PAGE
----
House speaker rules out higher Missouri casino fee

BY VIRGINIA YOUNG vyoung@post-dispatch.com > 573-635-6178 stltoday.com| Posted: Monday, February 13, 2012 4:00

JEFFERSON CITY Missouri House Speaker Steve Tilley is siding with the gambling industry in firm opposition to Gov. Jay Nixon's proposal to increase casino entrance fees.

"It's a tax," Tilley, R-Perryville, told reporters today. "We're not going to increase taxes to fund" veterans homes.

But Tilley, R-Perryville, said he is exploring an alternative that would earmark, among other possible sources, future growth in casino fee revenue -- money that would be generated from increased admissions.

Tilley said he floated his ideas in a meeting with the Democratic governor and hopes to come up with a bipartisan proposal by later this week or next week.

The Missouri Veterans Commission has been using its trust fund to help cover the state's share of operating expenses at the seven nursing homes for veterans. But that fund is expected to run dry next year.

Nixon's proposed budget for the coming fiscal year relies on a $1-per-patron increase in casino admission fees to generate $50 million a year for the homes.

The casino entrance fee is currently $2, with half going to the state and half to the home-dock city or county.  Gamblers aren't charged the fee; casinos absorb it.

The Missouri Gaming Association, which represents casinos, has testified that the proposal would take $53 million out of companies' coffers each year and could prompt cuts in marketing, capital projects and staffing at the state's 12 casinos.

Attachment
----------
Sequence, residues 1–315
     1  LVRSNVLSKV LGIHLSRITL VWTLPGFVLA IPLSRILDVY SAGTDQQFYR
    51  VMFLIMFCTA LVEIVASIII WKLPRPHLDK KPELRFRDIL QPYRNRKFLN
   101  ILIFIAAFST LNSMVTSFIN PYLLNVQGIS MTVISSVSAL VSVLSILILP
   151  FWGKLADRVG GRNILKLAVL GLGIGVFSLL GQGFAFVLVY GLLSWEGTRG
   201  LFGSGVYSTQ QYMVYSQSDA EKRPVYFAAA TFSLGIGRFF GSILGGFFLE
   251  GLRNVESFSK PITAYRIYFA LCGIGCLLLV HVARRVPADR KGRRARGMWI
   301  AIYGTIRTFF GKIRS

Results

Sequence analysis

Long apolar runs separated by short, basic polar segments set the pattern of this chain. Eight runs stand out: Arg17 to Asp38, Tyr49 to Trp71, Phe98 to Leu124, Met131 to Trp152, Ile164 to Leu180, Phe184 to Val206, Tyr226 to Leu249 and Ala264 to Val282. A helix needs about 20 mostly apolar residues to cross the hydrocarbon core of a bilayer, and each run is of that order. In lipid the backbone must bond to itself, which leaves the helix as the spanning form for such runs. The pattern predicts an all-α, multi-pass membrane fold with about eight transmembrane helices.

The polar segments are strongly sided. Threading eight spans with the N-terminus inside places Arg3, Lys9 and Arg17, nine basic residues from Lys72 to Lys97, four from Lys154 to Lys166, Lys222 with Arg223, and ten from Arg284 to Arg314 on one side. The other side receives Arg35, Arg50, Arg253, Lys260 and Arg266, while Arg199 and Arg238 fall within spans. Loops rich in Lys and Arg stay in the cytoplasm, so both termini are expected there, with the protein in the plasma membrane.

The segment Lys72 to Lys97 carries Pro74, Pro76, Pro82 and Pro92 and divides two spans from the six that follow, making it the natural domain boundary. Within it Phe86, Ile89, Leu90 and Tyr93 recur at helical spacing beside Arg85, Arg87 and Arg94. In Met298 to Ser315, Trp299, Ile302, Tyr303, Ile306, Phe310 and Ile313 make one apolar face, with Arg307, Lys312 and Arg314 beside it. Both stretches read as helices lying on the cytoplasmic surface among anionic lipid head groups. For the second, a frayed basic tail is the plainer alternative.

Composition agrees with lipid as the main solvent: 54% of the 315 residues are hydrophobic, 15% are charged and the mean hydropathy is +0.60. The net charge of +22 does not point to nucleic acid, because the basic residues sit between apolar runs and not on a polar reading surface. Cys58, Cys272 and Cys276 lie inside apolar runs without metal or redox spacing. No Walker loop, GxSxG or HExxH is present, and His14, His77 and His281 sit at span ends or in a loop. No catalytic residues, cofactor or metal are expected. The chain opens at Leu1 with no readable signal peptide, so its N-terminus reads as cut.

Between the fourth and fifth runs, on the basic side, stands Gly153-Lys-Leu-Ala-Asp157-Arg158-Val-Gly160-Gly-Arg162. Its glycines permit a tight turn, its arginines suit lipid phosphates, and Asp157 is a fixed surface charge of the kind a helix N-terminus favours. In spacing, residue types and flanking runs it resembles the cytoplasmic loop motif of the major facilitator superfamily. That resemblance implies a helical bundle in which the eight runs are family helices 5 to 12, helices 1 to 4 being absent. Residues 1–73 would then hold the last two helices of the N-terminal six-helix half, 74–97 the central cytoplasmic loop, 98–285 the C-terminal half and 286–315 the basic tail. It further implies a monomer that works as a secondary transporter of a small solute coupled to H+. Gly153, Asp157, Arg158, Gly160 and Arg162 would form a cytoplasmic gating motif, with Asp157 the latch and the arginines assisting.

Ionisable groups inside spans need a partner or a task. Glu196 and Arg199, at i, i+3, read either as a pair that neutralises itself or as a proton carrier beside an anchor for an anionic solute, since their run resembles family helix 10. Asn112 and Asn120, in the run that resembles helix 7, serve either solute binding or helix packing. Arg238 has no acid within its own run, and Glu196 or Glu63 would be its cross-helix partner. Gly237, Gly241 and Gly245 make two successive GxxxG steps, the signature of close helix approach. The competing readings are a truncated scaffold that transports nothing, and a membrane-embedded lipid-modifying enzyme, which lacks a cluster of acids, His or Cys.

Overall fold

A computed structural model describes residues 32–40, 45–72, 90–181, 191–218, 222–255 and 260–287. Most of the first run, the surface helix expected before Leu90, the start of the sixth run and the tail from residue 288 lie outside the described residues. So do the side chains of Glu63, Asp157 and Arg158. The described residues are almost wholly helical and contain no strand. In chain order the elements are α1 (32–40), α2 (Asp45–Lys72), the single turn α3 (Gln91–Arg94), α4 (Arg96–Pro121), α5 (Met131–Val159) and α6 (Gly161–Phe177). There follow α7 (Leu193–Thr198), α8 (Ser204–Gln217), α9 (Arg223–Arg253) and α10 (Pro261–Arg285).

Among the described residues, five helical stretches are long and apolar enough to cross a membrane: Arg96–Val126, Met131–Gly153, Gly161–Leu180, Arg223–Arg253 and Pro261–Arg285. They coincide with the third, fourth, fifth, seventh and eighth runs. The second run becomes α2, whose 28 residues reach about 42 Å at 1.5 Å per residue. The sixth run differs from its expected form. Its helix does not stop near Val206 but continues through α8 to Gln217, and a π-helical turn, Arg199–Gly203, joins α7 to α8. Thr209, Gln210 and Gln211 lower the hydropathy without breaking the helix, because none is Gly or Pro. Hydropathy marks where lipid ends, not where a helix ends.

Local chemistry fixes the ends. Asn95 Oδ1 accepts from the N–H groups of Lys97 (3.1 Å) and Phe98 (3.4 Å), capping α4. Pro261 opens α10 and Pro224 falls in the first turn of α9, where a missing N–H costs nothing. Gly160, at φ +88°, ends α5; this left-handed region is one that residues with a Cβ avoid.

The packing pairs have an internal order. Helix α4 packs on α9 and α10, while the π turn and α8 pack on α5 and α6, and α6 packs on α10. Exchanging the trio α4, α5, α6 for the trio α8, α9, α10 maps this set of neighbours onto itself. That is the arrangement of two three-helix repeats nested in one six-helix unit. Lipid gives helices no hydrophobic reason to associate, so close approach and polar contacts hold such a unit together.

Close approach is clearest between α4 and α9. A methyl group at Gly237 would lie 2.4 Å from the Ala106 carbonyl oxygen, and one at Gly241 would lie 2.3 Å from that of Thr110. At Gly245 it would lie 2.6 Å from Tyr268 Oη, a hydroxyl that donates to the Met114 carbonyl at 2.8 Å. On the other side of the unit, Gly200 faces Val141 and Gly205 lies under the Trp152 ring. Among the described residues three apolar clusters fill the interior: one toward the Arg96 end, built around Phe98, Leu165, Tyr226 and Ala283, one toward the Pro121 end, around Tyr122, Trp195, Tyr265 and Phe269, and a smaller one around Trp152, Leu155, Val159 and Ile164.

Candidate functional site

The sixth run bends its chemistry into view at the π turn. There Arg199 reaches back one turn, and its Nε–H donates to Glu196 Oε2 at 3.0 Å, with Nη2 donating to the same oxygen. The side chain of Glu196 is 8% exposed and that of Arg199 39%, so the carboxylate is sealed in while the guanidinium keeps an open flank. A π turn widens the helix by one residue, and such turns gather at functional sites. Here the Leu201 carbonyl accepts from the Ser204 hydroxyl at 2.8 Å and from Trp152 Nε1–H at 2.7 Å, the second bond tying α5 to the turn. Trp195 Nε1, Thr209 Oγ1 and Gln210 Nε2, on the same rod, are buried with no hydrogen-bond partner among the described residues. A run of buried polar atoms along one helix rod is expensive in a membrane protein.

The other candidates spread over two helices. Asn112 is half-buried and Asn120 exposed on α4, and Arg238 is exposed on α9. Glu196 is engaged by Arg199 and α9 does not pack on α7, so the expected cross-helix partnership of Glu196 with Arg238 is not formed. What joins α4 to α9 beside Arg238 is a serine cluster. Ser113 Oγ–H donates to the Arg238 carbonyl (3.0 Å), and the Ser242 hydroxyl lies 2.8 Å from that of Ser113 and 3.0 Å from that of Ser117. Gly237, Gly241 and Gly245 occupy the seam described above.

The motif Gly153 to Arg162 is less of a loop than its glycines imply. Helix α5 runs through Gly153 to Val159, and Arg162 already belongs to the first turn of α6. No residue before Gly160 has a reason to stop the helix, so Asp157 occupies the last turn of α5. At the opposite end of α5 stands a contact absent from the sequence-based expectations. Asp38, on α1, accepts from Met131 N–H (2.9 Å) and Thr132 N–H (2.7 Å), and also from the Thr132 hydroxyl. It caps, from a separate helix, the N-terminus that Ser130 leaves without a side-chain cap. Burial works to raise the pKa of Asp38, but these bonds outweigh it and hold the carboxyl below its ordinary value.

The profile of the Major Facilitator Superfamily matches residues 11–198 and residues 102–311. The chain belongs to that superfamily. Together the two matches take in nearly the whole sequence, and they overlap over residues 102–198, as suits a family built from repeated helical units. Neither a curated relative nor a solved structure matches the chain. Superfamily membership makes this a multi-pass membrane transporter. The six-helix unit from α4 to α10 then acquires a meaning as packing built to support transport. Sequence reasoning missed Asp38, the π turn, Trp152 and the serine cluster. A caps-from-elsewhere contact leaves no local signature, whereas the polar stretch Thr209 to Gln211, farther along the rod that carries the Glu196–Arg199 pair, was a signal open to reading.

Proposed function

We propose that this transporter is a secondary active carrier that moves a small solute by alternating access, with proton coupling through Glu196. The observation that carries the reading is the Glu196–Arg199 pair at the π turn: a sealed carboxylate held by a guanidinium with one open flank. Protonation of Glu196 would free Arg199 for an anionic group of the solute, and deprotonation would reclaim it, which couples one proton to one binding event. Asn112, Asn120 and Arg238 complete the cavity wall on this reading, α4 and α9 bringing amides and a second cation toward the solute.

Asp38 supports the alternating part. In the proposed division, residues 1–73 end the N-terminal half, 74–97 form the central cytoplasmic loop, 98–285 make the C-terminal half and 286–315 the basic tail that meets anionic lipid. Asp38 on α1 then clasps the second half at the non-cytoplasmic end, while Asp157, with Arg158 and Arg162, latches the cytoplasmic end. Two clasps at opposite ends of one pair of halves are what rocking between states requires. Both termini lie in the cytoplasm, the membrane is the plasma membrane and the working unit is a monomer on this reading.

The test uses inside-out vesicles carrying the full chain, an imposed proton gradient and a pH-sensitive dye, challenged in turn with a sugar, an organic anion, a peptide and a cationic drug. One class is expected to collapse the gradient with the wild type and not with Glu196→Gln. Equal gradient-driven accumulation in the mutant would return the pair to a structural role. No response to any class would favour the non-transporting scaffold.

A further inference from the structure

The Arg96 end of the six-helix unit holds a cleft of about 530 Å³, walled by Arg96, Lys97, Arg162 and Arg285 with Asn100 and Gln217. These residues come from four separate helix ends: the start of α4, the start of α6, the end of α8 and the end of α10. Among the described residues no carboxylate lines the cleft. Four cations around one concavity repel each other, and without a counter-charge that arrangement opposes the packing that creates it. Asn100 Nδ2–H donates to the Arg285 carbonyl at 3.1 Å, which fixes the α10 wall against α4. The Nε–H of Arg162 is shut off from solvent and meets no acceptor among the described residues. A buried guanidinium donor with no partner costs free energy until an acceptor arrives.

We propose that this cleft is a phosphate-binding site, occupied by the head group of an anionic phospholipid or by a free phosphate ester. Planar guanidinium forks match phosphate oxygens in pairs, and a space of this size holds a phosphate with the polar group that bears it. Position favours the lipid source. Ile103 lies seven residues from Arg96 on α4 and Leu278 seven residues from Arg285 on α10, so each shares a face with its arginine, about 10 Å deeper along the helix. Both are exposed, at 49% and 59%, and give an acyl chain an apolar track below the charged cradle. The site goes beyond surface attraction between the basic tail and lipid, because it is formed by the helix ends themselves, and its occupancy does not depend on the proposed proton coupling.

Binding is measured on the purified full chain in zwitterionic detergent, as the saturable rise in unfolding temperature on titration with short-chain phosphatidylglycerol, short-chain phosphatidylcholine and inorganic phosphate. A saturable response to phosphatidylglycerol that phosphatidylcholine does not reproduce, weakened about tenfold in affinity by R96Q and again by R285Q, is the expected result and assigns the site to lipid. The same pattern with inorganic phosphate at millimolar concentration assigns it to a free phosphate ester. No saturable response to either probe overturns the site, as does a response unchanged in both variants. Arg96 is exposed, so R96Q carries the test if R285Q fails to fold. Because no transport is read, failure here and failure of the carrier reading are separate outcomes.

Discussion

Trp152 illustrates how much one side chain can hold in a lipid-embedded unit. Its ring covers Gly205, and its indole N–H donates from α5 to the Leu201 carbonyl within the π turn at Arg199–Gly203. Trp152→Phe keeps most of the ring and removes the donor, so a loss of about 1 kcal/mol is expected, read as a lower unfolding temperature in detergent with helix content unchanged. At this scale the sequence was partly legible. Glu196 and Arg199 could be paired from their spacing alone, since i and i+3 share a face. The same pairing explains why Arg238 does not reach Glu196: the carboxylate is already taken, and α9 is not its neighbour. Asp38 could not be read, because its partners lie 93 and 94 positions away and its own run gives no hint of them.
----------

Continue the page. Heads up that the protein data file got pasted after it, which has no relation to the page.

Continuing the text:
Tilley said that while he opposes raising casino fees, establishing a stable funding source for veterans homes is one of "the big issues we need to tackle" this year.

One alternative the House may debate soon would set up up a new Missouri Lottery ticket, with proceeds earmarked for veterans.

Tilley said other ideas include using the growth in casino fee revenue or the money that will come from fees paid by a new casino that is getting ready to open in Cape Girardeau, Mo.

Under a compromise passed by the Legislature in 1998, preschools share some of the casinio admission fee revenue.

Asked whether preschools would lose out if all growth in the fees went to veterans, Tilley said: "We think we can provide more money for veterans and not affect early childhood in a detriminatal way."

In addition to providing operating funds for veterans homes, legislators want to generate money to build another veterans home and reduce the waiting list. The current homes include one in Bellefontaine Neighbors in St. Louis County.

 

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